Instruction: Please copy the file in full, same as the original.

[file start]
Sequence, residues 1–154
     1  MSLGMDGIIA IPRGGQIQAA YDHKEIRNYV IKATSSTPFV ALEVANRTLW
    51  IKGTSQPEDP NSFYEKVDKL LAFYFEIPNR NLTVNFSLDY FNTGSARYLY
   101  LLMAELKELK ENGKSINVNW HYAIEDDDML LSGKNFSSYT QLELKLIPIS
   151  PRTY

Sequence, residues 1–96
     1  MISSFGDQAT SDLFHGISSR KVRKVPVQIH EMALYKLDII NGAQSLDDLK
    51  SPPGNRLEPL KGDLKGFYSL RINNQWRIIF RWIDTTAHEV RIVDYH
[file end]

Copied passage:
Sequence, residues 1–154
     1  MSLGMDGIIA IPRGGQIQAA YDHKEIRNYV IKATSSTPFV ALEVANRTLW
    51  IKGTSQPEDP NSFYEKVDKL LAFYFEIPNR NLTVNFSLDY FNTGSARYLY
   101  LLMAELKELK ENGKSINVNW HYAIEDDDML LSGKNFSSYT QLELKLIPIS
   151  PRTY

Sequence, residues 1–96
     1  MISSFGDQAT SDLFHGISSR KVRKVPVQIH EMALYKLDII NGAQSLDDLK
    51  SPPGNRLEPL KGDLKGFYSL RINNQWRIIF RWIDTTAHEV RIVDYH